Wear and Degradation
Armor and shields do not degrade over time during standard combat, however at the Storyteller’s discretion certain circumstances may cause them to become less effective or to break outright. The quality or condition of an item might be altered by a significantly devastating attack for example; an exceptional melee attack can dent the opposition’s sword or armor, while fire and acid have direct effects on materials and ice can make metal brittle or cause wood to burst.
Should armor become damaged or degraded, the Storyteller may impose a negative modifier to its effectiveness. The player may still roll for mitigation and a modifier is applied to the result. If the modifier reduces the mitigation value to zero, the armor is no longer effective.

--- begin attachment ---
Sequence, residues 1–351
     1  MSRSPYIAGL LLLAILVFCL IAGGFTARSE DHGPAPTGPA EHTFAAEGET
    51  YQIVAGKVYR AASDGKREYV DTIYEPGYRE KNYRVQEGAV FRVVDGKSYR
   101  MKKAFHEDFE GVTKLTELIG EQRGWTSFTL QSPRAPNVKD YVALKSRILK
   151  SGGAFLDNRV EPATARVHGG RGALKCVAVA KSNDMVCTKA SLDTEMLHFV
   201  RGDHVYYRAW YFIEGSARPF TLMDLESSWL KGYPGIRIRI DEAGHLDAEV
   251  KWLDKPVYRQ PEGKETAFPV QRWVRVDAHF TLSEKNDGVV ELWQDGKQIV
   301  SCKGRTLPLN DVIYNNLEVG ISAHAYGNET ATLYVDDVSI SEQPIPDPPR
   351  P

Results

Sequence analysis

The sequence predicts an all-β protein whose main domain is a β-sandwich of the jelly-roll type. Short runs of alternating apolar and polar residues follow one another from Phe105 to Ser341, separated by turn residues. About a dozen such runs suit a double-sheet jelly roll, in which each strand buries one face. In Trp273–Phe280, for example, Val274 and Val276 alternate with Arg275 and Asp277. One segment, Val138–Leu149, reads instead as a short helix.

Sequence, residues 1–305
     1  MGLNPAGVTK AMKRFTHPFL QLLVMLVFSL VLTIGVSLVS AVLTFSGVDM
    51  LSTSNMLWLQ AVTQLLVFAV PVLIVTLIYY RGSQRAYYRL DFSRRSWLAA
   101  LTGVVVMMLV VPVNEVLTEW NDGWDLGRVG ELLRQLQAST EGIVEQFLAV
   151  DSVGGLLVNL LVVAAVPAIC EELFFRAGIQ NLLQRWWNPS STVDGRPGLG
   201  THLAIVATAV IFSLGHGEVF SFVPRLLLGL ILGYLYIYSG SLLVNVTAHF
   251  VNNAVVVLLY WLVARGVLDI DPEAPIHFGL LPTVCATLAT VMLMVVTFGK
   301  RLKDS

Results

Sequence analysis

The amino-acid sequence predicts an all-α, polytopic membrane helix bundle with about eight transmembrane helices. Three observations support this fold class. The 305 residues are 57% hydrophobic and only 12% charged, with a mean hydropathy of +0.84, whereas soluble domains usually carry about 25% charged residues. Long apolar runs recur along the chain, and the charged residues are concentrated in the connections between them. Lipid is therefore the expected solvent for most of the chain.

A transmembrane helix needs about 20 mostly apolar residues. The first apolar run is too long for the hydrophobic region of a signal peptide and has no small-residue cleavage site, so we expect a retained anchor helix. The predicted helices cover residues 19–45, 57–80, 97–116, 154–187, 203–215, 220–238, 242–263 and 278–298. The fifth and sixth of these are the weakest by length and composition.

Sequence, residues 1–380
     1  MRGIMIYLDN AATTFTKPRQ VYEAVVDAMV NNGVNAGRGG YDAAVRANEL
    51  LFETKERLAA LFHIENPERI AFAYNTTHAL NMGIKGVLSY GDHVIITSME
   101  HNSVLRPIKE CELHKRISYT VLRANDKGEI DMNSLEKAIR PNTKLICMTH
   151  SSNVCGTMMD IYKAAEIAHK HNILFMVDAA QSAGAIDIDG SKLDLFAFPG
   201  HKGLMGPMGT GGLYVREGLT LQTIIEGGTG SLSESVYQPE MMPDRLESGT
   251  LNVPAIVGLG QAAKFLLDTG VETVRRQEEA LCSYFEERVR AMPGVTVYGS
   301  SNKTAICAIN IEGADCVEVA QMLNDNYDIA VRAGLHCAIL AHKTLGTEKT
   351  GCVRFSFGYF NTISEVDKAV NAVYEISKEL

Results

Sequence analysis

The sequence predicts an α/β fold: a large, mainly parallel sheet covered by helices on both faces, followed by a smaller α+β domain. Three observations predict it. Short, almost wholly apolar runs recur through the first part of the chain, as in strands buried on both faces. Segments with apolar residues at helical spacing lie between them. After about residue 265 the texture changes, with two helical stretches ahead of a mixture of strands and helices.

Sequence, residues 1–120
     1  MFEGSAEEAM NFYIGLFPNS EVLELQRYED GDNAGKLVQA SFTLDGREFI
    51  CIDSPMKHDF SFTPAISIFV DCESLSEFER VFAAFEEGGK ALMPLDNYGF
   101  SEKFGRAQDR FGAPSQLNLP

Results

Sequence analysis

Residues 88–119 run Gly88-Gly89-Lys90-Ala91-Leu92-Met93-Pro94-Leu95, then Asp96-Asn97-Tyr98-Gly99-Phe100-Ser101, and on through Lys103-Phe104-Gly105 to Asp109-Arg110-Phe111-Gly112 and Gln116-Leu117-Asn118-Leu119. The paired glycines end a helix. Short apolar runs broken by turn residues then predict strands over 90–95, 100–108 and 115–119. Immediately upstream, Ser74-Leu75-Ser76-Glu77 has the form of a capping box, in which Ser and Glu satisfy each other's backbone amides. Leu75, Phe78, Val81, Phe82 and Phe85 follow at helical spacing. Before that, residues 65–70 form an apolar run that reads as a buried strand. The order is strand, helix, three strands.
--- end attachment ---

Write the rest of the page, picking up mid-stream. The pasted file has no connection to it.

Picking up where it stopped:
Should the armor become so damaged that the modifier is equal to the dice roll assigned (example: -4 on a 1d4 roll), the armor will be considered damaged beyond repair and should be discarded. Even when damaged beyond repair, the armor still imposes the prescribed amount of impact.
Armor and shields may also be degraded such that they only perform as well as their lighter counterparts, reducing the dice rolled by one or by one tier. A heavy shield for instance might be damaged such that it only acts a light shield, changing the dice set used for defensive rolls. Look to your Storyteller for guidance.
The same mechanic is assigned to shields and can be assigned to weapons if desired.